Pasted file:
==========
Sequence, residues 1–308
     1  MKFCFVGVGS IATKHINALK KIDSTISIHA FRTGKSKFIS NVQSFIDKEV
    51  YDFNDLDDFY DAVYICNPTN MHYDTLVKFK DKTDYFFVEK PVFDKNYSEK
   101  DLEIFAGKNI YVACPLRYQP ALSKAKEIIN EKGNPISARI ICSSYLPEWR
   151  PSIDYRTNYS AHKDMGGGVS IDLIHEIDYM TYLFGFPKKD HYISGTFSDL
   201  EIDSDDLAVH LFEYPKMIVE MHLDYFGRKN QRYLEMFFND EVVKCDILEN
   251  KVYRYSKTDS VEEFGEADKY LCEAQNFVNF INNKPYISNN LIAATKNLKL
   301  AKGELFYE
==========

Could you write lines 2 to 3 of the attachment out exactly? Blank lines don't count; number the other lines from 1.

     1  MKFCFVGVGS IATKHINALK KIDSTISIHA FRTGKSKFIS NVQSFIDKEV
    51  YDFNDLDDFY DAVYICNPTN MHYDTLVKFK DKTDYFFVEK PVFDKNYSEK